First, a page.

Weight loss for most people is really a matter of learning to eat properly. Developing a weight loss plan can seem difficult, but it doesn't have to be. For many of us the closest we ever came to learning about proper eating was the food pyramid in 6th grade health class. The pyramid, which is questionable in its own-right, does little to teach someone how to eat. For example, two of the key blocks in the food pyramid are carbohydrates and dairy, however the pyramid does not distinguish between good carbs and bad carbs or low-fat and high-fat dairy. Failing to make these distinctions could lead someone with, the best of intentions, into a life of obesity and heart disease. Over time most people will begin putting on weight and eventually reach a point where they decide they want or need to lose it. Enter the four letter word "DIET". There are numerous diet fads out there, but any weight loss plan needs to be sustainable or you will likely give-up and rebound (sound familiar?). Diets based around dramatic restrictions of essential nutrients, be it carbohydrates, fats, or proteins are not sustainable. You will lose weight for sure. The likelihood of maintaining the weight loss is extremely low, and health risks of starving your body of essential nutrients compiled with the likely yo-yo affect are borderline unethical.
To find a sustainable weight loss plan, you need a plan that teaches you to eat properly, both from a portion size and ingredient perspective. Eating to much of the right foods is not good either. You can (and should) study calories, nutrients, measure, and journal to eat properly. The problem is for most, by the time they realize they need help (e.g., best friends wedding is in four months), there is no time to begin an educational journey in healthy eating. Moreover, doing it on your own can be difficult and time-consuming. Fortunately there are true weight loss plans that can both help you lose weight and teach you how to eat properly. The idea being that with some structure in the beginning you move towards your goal while you learn the significance of controlled portions and healthy choices.
Of the diet plans I have reviewed the top three weight loss plans, in my opinion, are:
Weight Watchers The Biggest Loser Jenny Craig
Weight Watchers is a point based diet that gives you the flexibility to eat whatever you want, while teaching you the importance of portion, calories, and nutrients. The program offers point values for more than 40,000 foods. After enrolling a member is given a point limit that they must maintain over the course of each week. Making smart choices allows you to eat more food. This subconscious reward system quickly trains your brain to think about your diet from a broader perspective (e.g., I am going out tomorrow so I will skip desert and just drink water today). There is a cost to join which ranges from a monthly pass $39.95 (with unlimited meetings for support and access to e-tools) to a pay as you go for $12 per meeting. There are other options as well and recipe books that make sticking to the plan and enjoying your food very simple. I have personally used Weight Watchers and found it to be extremely effective. I followed the plan to support my wife after she had our first child. I was never hungry and was amazed to learn how much I was over-eating. I also enjoyed learning all the possible substitutions for high-calorie foods that still tasted as good or better. My goal was to increase definition without losing muscle and it worked. If I was still personal training I would require all of my clients to follow this program as well.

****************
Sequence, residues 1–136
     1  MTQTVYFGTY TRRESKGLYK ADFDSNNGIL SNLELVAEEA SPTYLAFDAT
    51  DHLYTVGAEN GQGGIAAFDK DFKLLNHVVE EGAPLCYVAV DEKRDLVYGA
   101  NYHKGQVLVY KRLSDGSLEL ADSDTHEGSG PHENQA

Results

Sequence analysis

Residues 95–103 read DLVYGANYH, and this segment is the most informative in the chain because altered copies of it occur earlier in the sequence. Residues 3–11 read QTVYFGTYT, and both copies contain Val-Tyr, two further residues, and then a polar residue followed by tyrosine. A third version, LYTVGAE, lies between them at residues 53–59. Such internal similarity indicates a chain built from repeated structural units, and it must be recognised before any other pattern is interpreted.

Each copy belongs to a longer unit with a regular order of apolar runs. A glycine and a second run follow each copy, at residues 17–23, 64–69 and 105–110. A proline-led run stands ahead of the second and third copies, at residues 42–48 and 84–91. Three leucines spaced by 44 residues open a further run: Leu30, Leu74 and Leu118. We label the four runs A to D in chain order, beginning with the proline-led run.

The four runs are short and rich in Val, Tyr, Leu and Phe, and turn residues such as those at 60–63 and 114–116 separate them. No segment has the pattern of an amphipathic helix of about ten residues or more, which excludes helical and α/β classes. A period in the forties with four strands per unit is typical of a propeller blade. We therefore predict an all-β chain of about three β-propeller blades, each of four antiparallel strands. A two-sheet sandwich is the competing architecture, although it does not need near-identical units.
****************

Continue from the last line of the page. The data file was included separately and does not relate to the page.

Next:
The Biggest Loser plan is based around the reality show of the same name. I like this program because it is based on the idea of eating healthy and exercising regularly. This is not just good advice for a weight loss plan, it is good advice for living healthy. To follow the program you need to pick up a Biggest Loser book and follow the guidelines. It is primarily a balanced approach to eating that focuses on more vegetables and fruits. It is a less structured program then Weight Watchers, but there is no membership fee. As long as you have the discipline you can't go wrong with this approach and the stronger emphasis on exercise makes it a great lifestyle plan that you can enjoy long after reaching your weight loss goals.
Jenny Craig is a prepackaged plan with support groups and one-on-one counseling. I am not a big advocate of the prepackaged plans (I like to see what goes in my food and they tend to be costly). I also question whether they are sustainable if you ever decide to stop buying the meals as you haven't really played in active role in your food preparation. That said, for those that are not into or don't have time to cook and the alternatives would be eating out or other frozen meals, this is definitely the way to go. You do get a personalized meal and exercise plan. As I said, the tend to be expensive, and this is no exception. The registration fee can exceed $400 (you get half back if you are within 5 pounds of your goal weight after one year) and $100 per week for the meals.
All three of these plans can work. Of course it will take commitment on your part. They are not miracle plans but the advantages of learning how to eat properly and their emphasis on exercise can set you up to lose weight and keep it off, while improving your overall health. The most important thing to remember is that "dieting" is a four letter word, DIET is a lifestyle, Live FIt, Be Fit...